‘Pos­i­tive wrecks’ have goals but lack the nec­es­sary mo­ti­va­tion

Global Times – Metro Shanghai - - FRONT PAGE - By Qi Xi­jia

At 6 am I was awo­ken by my alarm. I ex­tended my arm look­ing for the phone, turned it off and rolled to the other side of the bed and con­tin­ued to sleep. This was the third alarm I turned off that morn­ing; I kept telling my­self I would get up at the next alarm and go to the gym.

How­ever, like every morn­ing, my body and my mind do not get along well with each other. So in fact I never get up un­til I have to and I rarely go to the gym any­more.

If you set goals but fail to de­liver, you are most prob­a­bly what the Chi­nese call a Jiji Feiren (“pos­i­tive wreck”), a new self-mock­ery term cre­ated by Chi­nese ne­ti­zens to de­fine those who are pos­i­tive in spirit but lag­ging be­hind in mo­ti­va­tion.

It is made up of two word Jiji and Feiren that have op­po­site mean­ings in Chi­nese. The first word means ac­tive while the lat­ter means deca­dent. The com­bi­na­tion of the two words is a sort of satire.

Jiji and Feiren are like twins that al­ways go handin-hand ev­ery­where but also al­ways fight. To­gether, they bring you a fake, tem­po­rary eu­pho­ria that you can be bet­ter, slim­mer or more knowl­edge­able, but these self-prom­ises soon fade into dis­ap­point­ment and guilt af­ter you re­al­ize that your gym card has al­ready ex­pired and you are still strug­gling with the very first word on your English vo­cab­u­lary book, which iron­i­cally hap­pens to be “aban­don.”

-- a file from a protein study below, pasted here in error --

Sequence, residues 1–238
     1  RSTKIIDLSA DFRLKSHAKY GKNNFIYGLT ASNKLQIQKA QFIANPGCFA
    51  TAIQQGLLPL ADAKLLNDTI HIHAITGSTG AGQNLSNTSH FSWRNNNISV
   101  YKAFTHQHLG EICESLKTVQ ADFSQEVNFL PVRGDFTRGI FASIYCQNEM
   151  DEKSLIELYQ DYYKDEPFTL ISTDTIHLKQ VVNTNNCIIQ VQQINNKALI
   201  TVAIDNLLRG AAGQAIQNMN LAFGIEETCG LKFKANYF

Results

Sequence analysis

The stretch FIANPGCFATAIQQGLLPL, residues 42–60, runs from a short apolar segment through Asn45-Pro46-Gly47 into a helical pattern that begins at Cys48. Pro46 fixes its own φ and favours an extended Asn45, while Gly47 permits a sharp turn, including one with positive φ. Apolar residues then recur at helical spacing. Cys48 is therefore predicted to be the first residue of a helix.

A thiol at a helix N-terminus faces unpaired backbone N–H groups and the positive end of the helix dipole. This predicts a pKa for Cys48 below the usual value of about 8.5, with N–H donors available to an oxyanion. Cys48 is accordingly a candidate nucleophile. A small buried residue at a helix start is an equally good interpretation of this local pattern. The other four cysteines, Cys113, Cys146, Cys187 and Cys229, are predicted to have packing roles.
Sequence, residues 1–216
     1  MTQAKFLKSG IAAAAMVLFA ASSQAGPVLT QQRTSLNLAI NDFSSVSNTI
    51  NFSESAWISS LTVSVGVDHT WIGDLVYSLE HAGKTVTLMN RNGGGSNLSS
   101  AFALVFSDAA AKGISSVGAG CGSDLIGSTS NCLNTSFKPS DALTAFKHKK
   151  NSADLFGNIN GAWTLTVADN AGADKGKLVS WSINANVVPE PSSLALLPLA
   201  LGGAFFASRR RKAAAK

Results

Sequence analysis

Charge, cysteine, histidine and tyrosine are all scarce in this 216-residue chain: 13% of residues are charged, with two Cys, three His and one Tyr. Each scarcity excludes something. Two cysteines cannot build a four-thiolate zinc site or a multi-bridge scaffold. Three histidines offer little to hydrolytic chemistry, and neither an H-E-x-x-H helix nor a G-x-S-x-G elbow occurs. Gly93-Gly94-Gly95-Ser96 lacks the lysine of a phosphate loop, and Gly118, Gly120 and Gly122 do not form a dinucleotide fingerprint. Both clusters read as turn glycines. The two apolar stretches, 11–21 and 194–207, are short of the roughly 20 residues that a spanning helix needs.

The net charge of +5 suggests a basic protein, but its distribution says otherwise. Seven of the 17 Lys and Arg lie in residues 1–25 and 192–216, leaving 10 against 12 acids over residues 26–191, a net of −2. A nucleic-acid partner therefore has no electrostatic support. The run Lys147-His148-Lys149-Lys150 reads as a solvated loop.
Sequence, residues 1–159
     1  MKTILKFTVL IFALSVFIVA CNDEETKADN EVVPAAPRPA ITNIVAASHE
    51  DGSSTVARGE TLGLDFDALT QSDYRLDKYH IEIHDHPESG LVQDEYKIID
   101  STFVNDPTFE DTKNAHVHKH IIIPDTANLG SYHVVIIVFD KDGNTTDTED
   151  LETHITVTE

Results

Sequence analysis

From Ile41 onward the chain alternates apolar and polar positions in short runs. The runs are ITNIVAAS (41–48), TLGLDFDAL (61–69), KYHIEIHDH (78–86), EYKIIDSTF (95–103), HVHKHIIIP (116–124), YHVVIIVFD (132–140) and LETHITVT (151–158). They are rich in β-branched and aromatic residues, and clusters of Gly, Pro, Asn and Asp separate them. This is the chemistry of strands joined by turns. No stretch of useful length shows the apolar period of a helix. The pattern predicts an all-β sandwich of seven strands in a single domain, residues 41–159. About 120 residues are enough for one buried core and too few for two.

Feiren of­ten tri­umphs over Jiji. In the past, I thought I re­ally wanted to achieve cer­tain goals, like los­ing weight and im­prov­ing my English. But the truth is I don’t ac­tu­ally want those things that badly. Set­ting such pos­i­tive goals only makes me feel bet­ter for a lit­tle while. But in the long run, I don’t re­ally care.

Even­tu­ally, I will just set new “per­fect goals” to fill up the empti­ness in my heart.

My cur­rent wish-list is so long that I no longer re­mem­ber what my orig­i­nal goals were.

Ask your­self, what do you re­ally want? How ea­ger are you to ob­tain it? And how much are you will­ing to pay for it? If the an­swers are pos­i­tive, then stick to just one goal at a time and break it down into pieces.

I spent some time go­ing over my goals and re­al­ized that many of my goals are al­most im­pos­si­ble for me to com­plete. For ex­am­ple, los­ing 5 kilo­grams every month re­quires me get­ting up at 6 every morn­ing, which I can’t do. So how about just 3 kilo­grams, which means I can sleep un­til 7 am? It may take a longer time, but it is a more doable method.

All you need to do is to put your goals into ac­tion and al­low no ex­cuses. Be­lieve me, once you are com­mit­ted it will be im­pos­si­ble to tear you apart from your goal. With only half a year left for 2018, do you want to be a wreck or a win­ner by

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